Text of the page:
ch9 - Chapter 9 Chemical Bonding Pt. 1 Goals • Understand...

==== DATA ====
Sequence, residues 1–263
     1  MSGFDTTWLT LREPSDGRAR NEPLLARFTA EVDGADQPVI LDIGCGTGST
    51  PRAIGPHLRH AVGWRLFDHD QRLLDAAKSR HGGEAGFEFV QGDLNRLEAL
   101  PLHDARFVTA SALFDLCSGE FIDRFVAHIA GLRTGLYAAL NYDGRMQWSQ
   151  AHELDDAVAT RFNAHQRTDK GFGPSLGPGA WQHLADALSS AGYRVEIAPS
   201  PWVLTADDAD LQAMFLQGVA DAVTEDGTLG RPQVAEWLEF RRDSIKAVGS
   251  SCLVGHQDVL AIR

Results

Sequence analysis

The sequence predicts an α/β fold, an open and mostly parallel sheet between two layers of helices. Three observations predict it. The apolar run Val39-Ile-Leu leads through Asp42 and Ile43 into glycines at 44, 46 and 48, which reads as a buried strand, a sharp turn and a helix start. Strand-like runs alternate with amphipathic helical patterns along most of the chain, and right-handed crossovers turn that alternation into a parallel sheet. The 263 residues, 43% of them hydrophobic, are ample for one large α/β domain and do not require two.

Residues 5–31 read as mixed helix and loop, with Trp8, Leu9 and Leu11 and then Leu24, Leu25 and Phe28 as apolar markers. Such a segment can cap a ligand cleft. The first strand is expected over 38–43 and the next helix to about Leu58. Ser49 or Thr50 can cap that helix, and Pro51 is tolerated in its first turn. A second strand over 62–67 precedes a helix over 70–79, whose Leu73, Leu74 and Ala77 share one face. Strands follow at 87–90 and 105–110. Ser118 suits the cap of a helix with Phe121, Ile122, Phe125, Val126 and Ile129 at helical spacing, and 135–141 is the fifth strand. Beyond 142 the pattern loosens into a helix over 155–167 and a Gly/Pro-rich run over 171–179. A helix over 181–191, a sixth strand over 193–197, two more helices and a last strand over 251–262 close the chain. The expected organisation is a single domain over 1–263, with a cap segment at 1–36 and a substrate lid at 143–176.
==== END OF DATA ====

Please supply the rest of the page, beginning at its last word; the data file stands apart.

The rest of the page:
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Unformatted text preview: Chapter 9 Chemical Bonding Pt. 1 Goals • Understand the difference between ionic and covalent bonds. • Lattice energy (ionic compounds) • Draw Lewis electron dot structures for small molecules and ions (the octet rule). • Understand the properties of covalent bonds and their influence on molecular structure. • Understand electronegativity and its use in predicting the polarity of bonds and molecules. • Predicting bond length and bond energies. Valence Electrons Lewis Dot Symbols for Atoms forces that hold atoms together in compounds are called chemical bonds. * The electrons involved in bonding are usually those in the outermost (valence) shell. The (inner) core electrons are not involved in chemical electrons behavior. Lewis dot formulas (Lewis dot symbols; Lewis structures) are a convenient method for tracking valence electrons. * Attractive Valence electrons: For the main groups (representative) elements they are the outermost s and p electrons. The # of valence electrons is equal to the group number. * For the transition elements they are the ns and (n−1)d electrons. (n− Types of Bonds When a chemical reaction occurs, the valence electrons of the atoms are reorganized so that net attractive forces (chemical bonds) occur between atoms. Chemical bonds are classified into two types: Ionic bonding results from electrostatic attractions between ions (ions are formed by the transfer of one or more electrons from one atom to another). Covalent bonding results from sharing one or more electron pairs between two atoms. . H . Li .. Be .. He .. .. .. .. .. .. . . . . B . . C . . N . . O . . .. . . Ne . F . . .. Formation of Ionic Compounds • We can also use Lewis dot formulas to represent the neutral atoms and the ions they form. .. .. . + . . Li . + . .. . F F Li . .. . [ ] LiF 3 Ca . . .. + 2 .N. . 3 Ca 2+ 3. .. . 2 [ . N. ] .. Coulombic Ion Attraction and Lattice Energy radius effect QQ E∝ c a d E ∝ d Qc × Qa E = -C ×────── d d Na+ F– negative due Qa E = ionic bond strength Q cQ a d d C: a constant Na+ Cl– NaF has the most negative E and NaI the least d Qc = charge on cation (is positive) Na+ Qa = charge on anion (is negative) I– Br– Na+ d = distance between centers of ions (sum of radii) E = −C × Cmpd Q cQ a charge effect d ions Product of charges NaCl Na+ Cl– −1 CaCl2 Ca2+ Cl– −2 CaS Ca2+ S–2 −4 Al2S3 Al3+ S2– −6 Lattice Energy (∆Hlattice ) kJ/mol (∆ the energy of formation of 1 mol of solid crystalline ionic compound when ions in the gas phase combine. It is always negative. negative. Among several compounds, the one with the most negative ∆Hlattice is said to have the highest lattice energy (absolute value)… and highest Tf value)… Mg2+(g) + 2F–(g) → MgF2(s) ∆Hlattice = −2910 kJ/mol NaF, ∆Hlattice = −911 kJ/mol NaF, KF, ∆Hlattice = −815 kJ/mol Al2S3 has the most negative E and NaCI the least WHY? charge of Mg2+ > Na+ = K+ d, radius of Mg2+ < Na+ < K+ Lattice Energy Lattice Energy Small ions with high charges have more negative lattice energies. Large ions with small charges have less negative lattice energies. Arrange the following compounds in order of decreasing lattice energy (least -ve to most -ve) CaO, MgO, SrO, and BaO CaO, MgO, SrO, The anion (O2−) is common to the four oxides. In the equation QQ Use this information, plus information from Chapter 8, to arrange these compounds in order of decreasing values of lattice energy: KCl, Al2O3, CaO KCl, Ionic radii: 1.33 1.81 ∆Hlattice K+Cl− |∆H | lattice 1.06 1.40 > least negative Ca2+O2− 0.57 > 1.40 Å 2Al3+3O2− most negative (absolute values) Al2O3 > CaO > KCl values) E = −C × c a d Qc and Qa = (+2 and −2). The difference is in d. The four cations are in group 2, so d varies Ba2+>Sr2+>Ca2+>Mg2+. E is negative and inversely proportional to d: least negative most negative Ba2+O2− > Sr2+O2− > Ca2+O2− > Mg2+O2− Ionic Bond Formation • Born-Haber Cycle Born-the formation of an ionic compound from its elements in a series of steps, and considers the energetics of each. Example: formation of NaCl Na(s) + ½ Cl2(g) → NaCl(s) ∆H° = –410.9 kJ (s) (s) The Born-Haber Cycle is an energy level Borndiagram that applies Hess’s law: Hess’ ∆Hrxn = ∑ ∆H of all steps 725.4 E (kJ) 376.4 229.4 107.7 0 Na+(g) + Cl(g) + e– (g) (g) EACl IENa Na+(g) + Cl–(g) (g) Na(g) + Cl(g) (g) (g) Na(g) + ½ Cl2(g) (g) ∆Hatom,Cl Na(s) + ½ Cl2(g) (s) ∆Hlattice ∆Hsub, Na sub, ∆H°f, NaCl –410.9 NaCl(s) (s) The Born-Haber Cycle of NaCl Born- Covalent Bonding ∆H°f = ∆Hsublimation, Na + ∆Hatom, Cl + IE1, Na + EACl + sublimation, atom, ∆Hlattice, NaCl (the two in blue are negative) lattice, Covalent bonds are formed when atoms share electrons. If the atoms share 2 electrons ( a pair) a single covalent bond is formed. If the atoms share 4 electrons (two pairs) a double covalent bond is formed. If the atoms share 6 (three pairs) electrons a triple covalent bond is formed. The attraction between the nuclei and the electrons is electrostatic in nature. Directional. The atoms have a lower potential energy when bound (see upcoming diagram). ∆H°f = 107.7kJ + 121.7kJ + 496.0kJ + (–349.0kJ) (– – 787.3 kJ ∆H°f = – 410.9 kJ If it is not known, ∆Hlattice can be calculated ∆Hlattice = ∆H°f − ∆Hsublimation,, Na − ∆Hatom,, Cl − IE1, Na sublimation atom − EACl Formation of Covalent Bonds Plot shows potential energy of H2 molecule as a function of the distance between the two H atoms. atoms Writing Lewis Formulas: The Octet Rule The octet rule states that representative elements usually attain stable, noble gas electron configurations in most of their compounds/ions. compounds/ions. molecule We must distinguish between bonding (shared) electrons and nonbonding shared) (unshared or lone pairs of) electrons. of) The Octet Rule & Lewis structures For all ions we must adjust the number of electrons available based on charges. charges. i.e., add one e− for each negative charge; subtract one e− for each positive charge. The central atom in a molecule or polyatomic ion is determined by: -the atom that requires the largest number of electrons to complete its octet. It goes in the center. If two atoms are in the same, the less electronegative element goes in the center. Drawing the Lewis Structures (STRUCTURAL; ch 3) Example: SO3. 1) Find the total number of valence electrons 1S = 1(6) = 6 e− 3O = 3(6) = 18 e− available = 24 e− O | O ─S─ O 2) Draw a single bond from the central atom to each of the atoms surrounding it. 3 bonds × 2 e− = 6 e− 24 − 6 = 18 e− 3) Subtract electrons used in bond formation from the total number of electrons. 4) The remaining electrons (in pairs) are placed .. on the surrounding atoms first. Each :O: surrounding atom (except H) will receive .. | .. enough electron pairs to have an octet. If :O ─S─ O: •• any electrons are left over, put them on the central atom. •• Drawing the Lewis Structures Lewis Structures 5) If the central atom does not have an octet, then one or two single bonds are converted to double bonds, or, a double bond is converted to a triple bond. Make double bonds before making a triple bond. Write Lewis dot and dash formulas for the sulfite ion, SO32−; (3 O’s bonded to S) O’ Valence e- = 6 (S) + 3 × 6 (O) = 24 e Charge = (2-) = 2 (2 Total = 26 electrons in bonds = 6 This polyatomic ion has ? BP and ? LP. .. :O: .. | .. :O ─S─ O: •• •• → .. :O: .. .. •• | O=S ─ O: •• •• ·· ·· ·O · S · · ·· ·· · O · ·· Exceptions to the octet rule: (H, Be, B, Al, and other elements in rows 3, 4, 5, and 6). Lewis Structures (practice) CO2, NO2+, NO3−, HNO3, SO42−, H2SO4, PO43−, H3PO4 Cl2O7, CH3CH2OH (ethanol), CH3COOH (acetic acid) PCl3, PCl5, SF6, SOCl2, IF5, IF4+ ·· · O · 2· · ·· · · or Lewis Structures: BBr3 T # electrons: B = 3; Br = 3 × 7 = 24e3 bonds = 6e- ; 18 e- left ( 3 pairs per B atom) Br B Br Br incomplete octet ·· ·O · ·· ·· S ·O· · ·· · ·· 2O· · ·· BBr4T # electrons: B = 3; Br = 4 × 7; +1e= 32e- 4 bonds = 8e- ; 24 e- left (3 pairs per B atom) Br Br B Br Br Lewis Structures: AsF5 (5 F around As) Lewis Structures: C2H6 or CH3CH3 T # electrons: As = 5; F = 5 × 7 = 40e- 3 H’s bond to each C; C bonds to C T # electrons: C = 2 × 4; H = 1 × 6 = 14e- 5 bonds = 10e- ; 30 e- left ( 3 pairs per F atom) F expanded octet H C H As F F Lewis Structures: CH3CH2OH Lewis Structures: CH3COOH 3 H’s bond to C; C bonds to C; O to C… 3 H’s bond to C; C bonds to C; O to C… T # electrons: C = 2 × 4; H = 1 × 6; O = 6 = 20e- T # electrons: C = 2 × 4; H = 1 × 4; 2 × O = 12 = 24e- 8 bonds = 16e- ; 4 left over (2 pairs) 7 bonds = 14e- H O H C C O H H C has octet H has duet H H C H H H H C C O H O C O H H H Resonance Lewis Structures Isoelectronic Species: Molecules and/or ions having the same number of valence electrons and the same Lewis structures. [:N≡N:] :N≡ C H H F F [:N≡O:]+ :N≡ H H 7 bonds = 14e- ; [:C≡O:] :C≡ [:C≡N:]− :C≡ They all have 3 BP and 2 LP (2 atoms) There are three possible structures for SO3. The double bond can be placed in one of three places. ·O · ·· S ·O · · ·· · ·· O· · ·· ·· ·O · ·· S ·O· · · ·· O· · ·· ·· ·O · ·· S O· · ·· ·O· · ·· · When two or more Lewis formulas are necessary to show the bonding in a molecule, we must use equivalent resonance structures to show the molecule’s structure. Double-headed arrows are used to indicate resonance formulas. Resonance Structures Resonance is a method used to represent molecules. • There are no single or multiple bonds in SO3 (nor CO2) • All bonds in SO3 are equivalent. The best Lewis formulas of SO3 (CO2) that can be drawn are: (average of 3 (average structures) structures) Resonance Hybrids CO2 2 × O = 12 e1 × C = 4 eTotal = 16 e- O C O O C O O Resonance C O S O O O C O O Molecules with odd number of electrons NO has 11 valence electrons Formal Charges on Atoms: N O an accounting tool for electron ownership = (# valence e– in free atom) – (# e– in lone pairs on atom) – ½(# bonded e– on atom) NO2 has 17 valence electrons O N O O N Charge Distribution in Covalent Bonds and Molecules (Formal Charge) O These are known as Free Radicals: they have an Radicals: unpaired e−. Very reactive: e.g. dimerization of NO2 to N2O4. Formal Charge (FC) and Best structure Best Lewis structure has • zero FC on all atoms • lowest FC possible • negative FC on most electronegative atoms and positive FC on least electronegative atoms The most electronegative elements are at the top right of periodic table (except for the noble gases.) Formal charge , FC = group number of atom − LPE - # Bonds Formal Charge (FC) NH4+ H | H─N─H | H O C O N= 5 − 0 - 4 = +1 H = 1 − 0 -1 = 0 C=4−0-4=0 O = 6 − 4 -2 = 0 For example, consider thiocyanate ion SCN– 0 +1 –2 –2 +2 –1 –1 0 0 •• •• •• •• •• •• N C S C S N S N C •• •• •• •• •• •• best structure because lowest FC and –ve FC on most electronegative atom Electronegativity Electronegativity is a measure of the relative tendency of an atom to attract electrons to itself when bonded to another element. Electronegativity is measured on the Pauling scale. scale. F is the most electronegative element. Cs and Fr are the least electronegative elements. For the representative elements, electronegativities usually increase from left to right across periods and decrease from top to bottom within groups. Sum of formal charges = −1 + 0 + 0 = −1 Electronegativity Example: Arrange these elements based on increasing electronegativity values. Se, Ge, Br, As (period # 4) Ge, Arrange these elements based on increasing electronegativity values. Be, Mg, Ca, Ba (group IIA) Electronegativity, polarity, and Ionic bonds Electronegativity, A non-polar bond is formed when the nondifference in electronegativity is between 0.0 – 0.4 A polar bond is formed when the difference in electronegativity is 0.5 – 1.9 (partial charge) Ionic bonds form when the difference of electronegativity is greater than 1.9 (net charge); e- transferred no charge Cl−Cl (0.0) Cl− non-polar non- Bond Polarity and ∆EN Nonpolar covalent polar covalent ionic bond Cl is more electronegative δ+ δ− H−Cl (0.9) Na+ and Cl− (2.1) polar ionic Dipole Moments Molecules whose centers of positive and negative charge do not coincide, have an asymmetric charge distribution, and are polar. These molecules have a net dipole moment (µ). The dipole moment is: 0.0 d, distance separating charges of equal magnitude and opposite sign 0.4 2.0 Electronegativity difference, ∆EN equal sharing unequal sharing µ=δ×d magnitude of the charge e- transferred e41 indicated by crossed arrow pointing from positive end to negative end of dipole Dipole Moments Polarity of Molecules Some nonpolar molecules have polar bonds. Molecules in which dipole moments of the bonds do not cancel, are polar molecules There are two conditions that must be true for a molecule to be polar. 1. There must be at least one polar bond or, one lone pair of electrons present. 2. The polar bonds, if there are more than one, and lone pairs, must be arranged so that their dipole moments do not cancel each other. δ– δ+ δ– µtotal = 0 nonpolar δ+ Cl δ– H δ+ Molecules that do not contain polar bonds, or in which all dipole moments cancel, are nonnonpolar molecules µtotal = 0 (CO2) Order of a bond is the number of bonding electron pairs shared by two atoms in a molecule. There are bond orders of 1 (single), 2 (double), 3 (triple), and fractional (1.5, 2.5, ..) O O (ClF Bonding Order ClF, CO2 & H2O O C µtotal ≠ 0 H δ+ µtotal ≠ 0 polar # of shared pairs linking atoms Bond order = ────────────────────── # of links in the molecule or ion (no L.P.) (no H – Cl 1 O–O=O 1 2 O=C=O 2 2 H – C≡ N 1 3 δ– F µtotal ≠ 0, polar Bond Strength and Bond Length bond length (shortest) triple < double < single bond strength single < double < triple (strongest) Bond Length (Å) Strength (kJ/mol) (Å C–C 1.54 348 C=C 1.34 614 C≡C 1.20 839 Bond Energy (Enthalpy) -the energy required to break 1 mole of the bond in the gas phase H2(g) → 2H(g) 436 kJ/mol (single bond) O2(g) → 2O(g) 498 kJ/mol (double bond) N2(g) → 2N(g) 946 kJ/mol (triple bond) Average bond energies can be used to estimate the enthalpy change, ∆H of a reaction. Use: ∆Hrxn = Σ (∆Hs bonds broken) + Σ (∆Hs bonds formed) requires energy (+) releases energy (-) Bond Energy (Enthalpy) Bond Energy (Enthalpy) Estimate the enthalpy change of the reaction between iodomethane and water Estimate the enthalpy change of the reaction between iodomethane and water CH3CH2I(g) + H2O(g) → CH3CH2OH(g) + HI(g) CH3CH2I(g) + H2O(g) → CH3CH2OH(g) + HI(g) Plan: which bonds are formed; which bonds are broken add enthalpy changes: bonds formed, positive (+); bonds broken, negative (-) Break (reactants): C-I bond (CH3CH2I) = 238 kJ one O-H bond (H2O) = 463 kJ Form (products): C-O bond (CH3CH2OH) = 360 kJ H-I bond (HI) = 299 kJ ∆Hrxn = +42 kJ Overall, the reaction is endo or exothermic? ...